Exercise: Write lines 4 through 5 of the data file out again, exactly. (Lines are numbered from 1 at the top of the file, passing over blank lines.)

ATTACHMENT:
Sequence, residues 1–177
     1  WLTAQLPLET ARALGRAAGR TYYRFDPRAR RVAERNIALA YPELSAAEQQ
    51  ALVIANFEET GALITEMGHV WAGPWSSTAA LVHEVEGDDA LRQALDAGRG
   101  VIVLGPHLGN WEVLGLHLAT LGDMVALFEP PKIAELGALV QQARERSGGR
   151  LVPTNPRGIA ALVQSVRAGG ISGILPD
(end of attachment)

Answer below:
   101  VIVLGPHLGN WEVLGLHLAT LGDMVALFEP PKIAELGALV QQARERSGGR
   151  LVPTNPRGIA ALVQSVRAGG ISGILPD